That the story of how Shalom Schwartz became a rabbi is well-oiled, doesn’t make it any less thrilling.
It was the Toronto native’s senior year of high school and he had been selected as quarterback for an all-star East-West football game in Canada. His coach kept him on the bench. Halfway through the third quarter, an indignant friend of Schwartz’s began a chant from the bleachers that quickly grew more raucous. Soon, half the stadium was chanting, “We want Schwartz! We want Schwartz!”
Schwartz was sent into the game and thousands of pairs of eyes, including those of eagle-eyed American scouts, watched in anticipation as he lofted a pass downfield. The ball soared into the air, in entirely the wrong direction.
“The ball just hung there,” the 60-something Schwartz said with his trademark joviality. “And I thought, if all of these hundreds of hours that I had spent leading up to this moment could slip away with one throw of the ball, how valuable could it be? So I became a rabbi.”
The question of identity is one that has preoccupied Schwartz for most of his life, and led him to his eventual calling as the founder of Project Aseret, a series of workshops that explore the Ten Commandments as the core tenets of Jewish and Israeli national identity.
He credits his Jewish feeling to his maternal grandmother, whom he described as having been deeply religious but not observant. She had a very strong relationship with God, he said, despite having lost her entire family in the Holocaust.
Yet it wasn’t until he was in his 20s that Schwartz tapped into his heritage.
“Before they were imprinted on the tablets, the Aseret Hadibrot were imprinted on our souls.” — Shalom Schwartz
During Yom Kippur in 1973, Schwartz found himself in a remote fishing village in northern Scotland. When news broke out of the war in Israel, Schwartz’s fellow travelers turned to him as the source of knowledge because he had been to the Holy Land.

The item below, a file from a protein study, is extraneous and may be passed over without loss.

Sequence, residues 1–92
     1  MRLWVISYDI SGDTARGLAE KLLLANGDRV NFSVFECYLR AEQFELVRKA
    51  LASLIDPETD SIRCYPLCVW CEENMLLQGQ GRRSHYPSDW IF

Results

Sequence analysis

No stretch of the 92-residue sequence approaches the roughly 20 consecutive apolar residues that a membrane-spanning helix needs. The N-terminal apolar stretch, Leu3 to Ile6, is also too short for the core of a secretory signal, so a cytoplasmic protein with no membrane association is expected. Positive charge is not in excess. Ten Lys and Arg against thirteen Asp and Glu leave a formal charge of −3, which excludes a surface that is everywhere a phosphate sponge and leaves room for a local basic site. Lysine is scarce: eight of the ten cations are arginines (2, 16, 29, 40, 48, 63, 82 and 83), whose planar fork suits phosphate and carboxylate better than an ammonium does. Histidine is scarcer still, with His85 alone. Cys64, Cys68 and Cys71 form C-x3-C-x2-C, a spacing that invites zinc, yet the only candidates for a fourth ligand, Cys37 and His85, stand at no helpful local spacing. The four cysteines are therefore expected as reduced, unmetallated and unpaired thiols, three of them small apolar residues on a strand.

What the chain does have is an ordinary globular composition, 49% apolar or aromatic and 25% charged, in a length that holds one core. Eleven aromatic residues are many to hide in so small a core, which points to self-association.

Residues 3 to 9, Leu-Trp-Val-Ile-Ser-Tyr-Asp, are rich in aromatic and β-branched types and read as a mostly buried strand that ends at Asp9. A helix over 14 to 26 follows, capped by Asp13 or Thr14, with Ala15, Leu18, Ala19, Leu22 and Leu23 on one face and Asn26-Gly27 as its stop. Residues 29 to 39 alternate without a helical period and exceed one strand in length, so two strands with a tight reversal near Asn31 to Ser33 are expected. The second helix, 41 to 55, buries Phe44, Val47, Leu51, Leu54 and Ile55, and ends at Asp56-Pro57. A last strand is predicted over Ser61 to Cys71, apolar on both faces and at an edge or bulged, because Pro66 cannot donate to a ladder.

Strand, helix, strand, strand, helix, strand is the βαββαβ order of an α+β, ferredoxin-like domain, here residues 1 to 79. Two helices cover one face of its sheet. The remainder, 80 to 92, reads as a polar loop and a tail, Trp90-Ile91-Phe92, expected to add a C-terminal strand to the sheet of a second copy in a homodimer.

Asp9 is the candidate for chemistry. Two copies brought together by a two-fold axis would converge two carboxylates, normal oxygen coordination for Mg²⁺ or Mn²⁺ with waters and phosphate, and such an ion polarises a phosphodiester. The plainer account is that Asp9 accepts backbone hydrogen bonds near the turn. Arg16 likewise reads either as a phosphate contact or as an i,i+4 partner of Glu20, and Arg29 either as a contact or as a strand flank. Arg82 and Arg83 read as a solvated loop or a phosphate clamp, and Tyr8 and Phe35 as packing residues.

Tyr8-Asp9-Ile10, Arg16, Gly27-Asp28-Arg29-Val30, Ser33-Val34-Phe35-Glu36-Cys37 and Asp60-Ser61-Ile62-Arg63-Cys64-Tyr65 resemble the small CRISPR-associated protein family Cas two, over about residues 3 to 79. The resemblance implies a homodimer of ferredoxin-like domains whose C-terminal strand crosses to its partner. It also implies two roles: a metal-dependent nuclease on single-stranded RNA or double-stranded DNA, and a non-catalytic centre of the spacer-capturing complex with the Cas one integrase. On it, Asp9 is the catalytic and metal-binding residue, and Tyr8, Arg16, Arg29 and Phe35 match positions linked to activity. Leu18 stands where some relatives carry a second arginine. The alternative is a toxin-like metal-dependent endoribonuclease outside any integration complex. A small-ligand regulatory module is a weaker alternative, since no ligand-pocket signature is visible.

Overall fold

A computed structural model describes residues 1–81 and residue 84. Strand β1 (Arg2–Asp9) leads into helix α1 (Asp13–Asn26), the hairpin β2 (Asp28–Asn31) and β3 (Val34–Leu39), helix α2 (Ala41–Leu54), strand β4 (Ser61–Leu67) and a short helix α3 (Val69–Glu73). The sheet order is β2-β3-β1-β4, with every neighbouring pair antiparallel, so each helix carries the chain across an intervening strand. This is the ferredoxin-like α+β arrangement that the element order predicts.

“They’re looking at me and they asked, ‘Are you a Jew?’ ” He said he never had to answer this question publicly before. “I said, ‘Yeah, I guess I am. The ‘I guess I am’ disturbed me to no end.”
Schwartz assuaged his guilt by traveling to Israel to volunteer in the war effort. But his swirling feelings of identity were further compounded when, on the night of his arrival at a kibbutz, the man in charge told his group, “Being Jewish means nothing to me. I’m Israeli.”
The lure of a free place to stay in Jerusalem brought Schwartz to Ohr Somayach and Rabbi Noah Weinberg, the founder of that yeshiva and Aish Hatorah. A promise to give Judaism two weeks of his time turned into seven years, rabbinical ordination, and eventually circled back to his hometown of Toronto, where he spent a decade as head of the local branch of Aish. However, the wave of Russian immigration in the early ’90s brought him back to Israel to establish the Former Soviet Union’s Aish.
In 2007, a meeting with another secular kibbutznik who suggested that the Aseret Hadibrot — the Ten Commandments — were the blueprint for uniting the Jewish people changed Schwartz’s trajectory once more. He founded Project Aseret to teach secular Israeli schoolchildren about the commandments as a system of universal values for bettering the world.
“[The Ten Commandments are] our founding national mandate. It cuts to the core of our national identity,” he said.
The program — or movement, as Schwartz would prefer — has reached some 50,000 Israelis and its success has spread to the United States, Panama, South Africa, the United Kingdom and Australia.
The commandments, Schwartz said, are not something outside of us. His program aims to awaken an identification of values that already exists. “Before they were imprinted on the tablets,” he said, “the Aseret Hadibrot were imprinted on our souls.”